The current understanding of the syndrome is as a two-stage process, with a highly variable first stage which predisposes the placenta to hypoxia, followed by the release of soluble factors which result in many of the other observed phenomena. Many of the older theories can be subsumed under this umbrella, as the soluble factors have been shown to cause, for example, endothelial cell injury, altered vascular reactivity, the classic lesion of glomerular endotheliosis, decreased intravascular volume, inflammation, etc. Underlying maternal susceptibility to the damage is likely implicated as well.
Some studies suggest that hypoxia resulting from inadequate perfusion upregulates sFlt-1, a VEGF and PlGF antagonist, leading to a damaged maternal endothelium and restriction of placental growth. In addition, endoglin, a TGF-beta antagonist, is elevated in pregnant women who develop preeclampsia. Soluble endoglin is likely upregulated by the placenta in response to an upregulation of cell-surface endoglin produced by the maternal immune system, although there is also the potential that sEng is produced by the maternal endothelium. Levels of both sFlt-1 and sEng increase as severity of disease increases, with levels of sEng surpassing levels of sFlt-1 in HELLP syndrome cases.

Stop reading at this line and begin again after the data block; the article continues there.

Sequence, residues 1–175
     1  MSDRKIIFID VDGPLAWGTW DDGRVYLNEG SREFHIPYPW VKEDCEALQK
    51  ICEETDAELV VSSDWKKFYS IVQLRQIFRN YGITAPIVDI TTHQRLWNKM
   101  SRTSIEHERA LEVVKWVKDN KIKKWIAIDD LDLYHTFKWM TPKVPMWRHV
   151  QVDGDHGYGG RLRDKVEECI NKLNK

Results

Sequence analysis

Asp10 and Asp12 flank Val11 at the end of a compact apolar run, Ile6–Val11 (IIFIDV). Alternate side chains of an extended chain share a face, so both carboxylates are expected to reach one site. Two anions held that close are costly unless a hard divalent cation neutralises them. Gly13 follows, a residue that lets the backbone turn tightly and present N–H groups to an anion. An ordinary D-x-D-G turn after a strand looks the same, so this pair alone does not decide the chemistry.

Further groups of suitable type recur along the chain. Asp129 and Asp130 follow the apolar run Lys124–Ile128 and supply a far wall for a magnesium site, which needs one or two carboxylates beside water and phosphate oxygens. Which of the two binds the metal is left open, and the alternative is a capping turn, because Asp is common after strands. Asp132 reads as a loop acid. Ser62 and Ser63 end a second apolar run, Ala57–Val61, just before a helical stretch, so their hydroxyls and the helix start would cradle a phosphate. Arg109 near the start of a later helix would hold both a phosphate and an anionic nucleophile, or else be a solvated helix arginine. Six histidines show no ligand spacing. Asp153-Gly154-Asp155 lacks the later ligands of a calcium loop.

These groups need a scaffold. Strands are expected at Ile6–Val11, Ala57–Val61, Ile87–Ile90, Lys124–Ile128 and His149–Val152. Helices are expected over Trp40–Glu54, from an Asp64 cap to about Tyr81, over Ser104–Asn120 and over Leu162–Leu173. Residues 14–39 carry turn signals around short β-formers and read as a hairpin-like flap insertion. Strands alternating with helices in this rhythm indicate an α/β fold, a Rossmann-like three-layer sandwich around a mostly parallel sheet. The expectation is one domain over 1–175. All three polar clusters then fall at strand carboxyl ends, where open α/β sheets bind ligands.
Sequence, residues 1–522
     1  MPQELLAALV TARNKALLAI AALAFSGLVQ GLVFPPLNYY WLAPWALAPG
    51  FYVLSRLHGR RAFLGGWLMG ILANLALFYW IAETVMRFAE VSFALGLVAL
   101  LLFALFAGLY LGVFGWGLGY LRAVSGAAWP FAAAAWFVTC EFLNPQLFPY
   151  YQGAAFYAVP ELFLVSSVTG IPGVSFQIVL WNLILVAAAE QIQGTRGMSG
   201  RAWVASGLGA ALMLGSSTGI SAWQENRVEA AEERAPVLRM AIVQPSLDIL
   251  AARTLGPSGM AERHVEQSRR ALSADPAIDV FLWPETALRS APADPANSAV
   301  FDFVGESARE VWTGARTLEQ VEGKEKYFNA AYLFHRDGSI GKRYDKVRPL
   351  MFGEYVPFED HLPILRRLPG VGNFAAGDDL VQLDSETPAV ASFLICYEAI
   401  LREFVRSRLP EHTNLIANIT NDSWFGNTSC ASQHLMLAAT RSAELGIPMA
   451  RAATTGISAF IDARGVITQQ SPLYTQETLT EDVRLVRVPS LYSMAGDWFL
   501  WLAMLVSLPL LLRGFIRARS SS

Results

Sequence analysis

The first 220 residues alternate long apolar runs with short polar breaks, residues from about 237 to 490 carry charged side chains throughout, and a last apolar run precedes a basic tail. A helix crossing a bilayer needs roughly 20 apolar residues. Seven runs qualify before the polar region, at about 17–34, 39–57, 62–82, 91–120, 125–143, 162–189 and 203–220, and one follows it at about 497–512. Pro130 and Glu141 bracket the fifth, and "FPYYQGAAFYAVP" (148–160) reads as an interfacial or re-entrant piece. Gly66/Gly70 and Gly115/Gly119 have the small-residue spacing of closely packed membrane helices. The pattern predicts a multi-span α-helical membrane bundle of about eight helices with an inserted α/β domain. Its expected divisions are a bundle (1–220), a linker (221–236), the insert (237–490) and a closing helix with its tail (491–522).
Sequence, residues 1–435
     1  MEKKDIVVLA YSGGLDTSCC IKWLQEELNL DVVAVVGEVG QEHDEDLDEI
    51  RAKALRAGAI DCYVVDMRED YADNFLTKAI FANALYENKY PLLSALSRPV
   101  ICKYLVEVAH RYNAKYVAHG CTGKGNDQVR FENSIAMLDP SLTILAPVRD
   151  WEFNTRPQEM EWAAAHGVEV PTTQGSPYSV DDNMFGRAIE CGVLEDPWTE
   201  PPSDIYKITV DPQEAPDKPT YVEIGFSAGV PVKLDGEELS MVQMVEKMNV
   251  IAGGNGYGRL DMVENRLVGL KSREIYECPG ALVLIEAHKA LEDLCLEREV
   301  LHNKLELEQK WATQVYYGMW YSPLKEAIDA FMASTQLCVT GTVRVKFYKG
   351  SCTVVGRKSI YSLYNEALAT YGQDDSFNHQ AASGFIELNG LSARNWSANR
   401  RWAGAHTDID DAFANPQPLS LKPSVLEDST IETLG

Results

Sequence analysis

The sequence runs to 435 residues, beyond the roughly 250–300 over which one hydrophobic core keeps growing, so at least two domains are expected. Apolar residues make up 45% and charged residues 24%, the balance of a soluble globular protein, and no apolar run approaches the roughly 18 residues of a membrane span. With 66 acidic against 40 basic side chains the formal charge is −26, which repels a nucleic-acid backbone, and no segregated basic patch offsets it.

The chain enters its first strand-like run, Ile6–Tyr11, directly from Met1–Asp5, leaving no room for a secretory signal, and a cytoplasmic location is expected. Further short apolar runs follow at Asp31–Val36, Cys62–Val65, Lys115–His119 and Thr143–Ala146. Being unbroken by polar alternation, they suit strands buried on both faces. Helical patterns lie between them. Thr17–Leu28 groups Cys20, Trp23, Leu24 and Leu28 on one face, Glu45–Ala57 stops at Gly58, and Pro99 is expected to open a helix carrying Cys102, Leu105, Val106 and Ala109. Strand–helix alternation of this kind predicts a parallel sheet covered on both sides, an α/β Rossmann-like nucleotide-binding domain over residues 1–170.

Both sFlt-1 and sEng are upregulated in all pregnant women to some extent, supporting the idea that hypertensive disease in pregnancy is a normal pregnancy adaptation gone awry. As natural killer cells are intimately involved in placentation and as placentation involves a degree of maternal tolerance for a foreign placenta which requires maternal resources for its support, it is not surprising that the maternal immune system might respond more negatively to the arrival of some placentae under certain circumstances, such as a placenta which is more invasive than normal. Initial maternal rejection of the placental cytotrophoblasts may be the cause of the inadequately remodeled spiral arteries in those cases of preeclampsia associated with shallow implantation, leading to downstream hypoxia and the appearance of maternal symptoms in response to upregulated sFlt-1 and sEng. (See parent-offspring conflict.)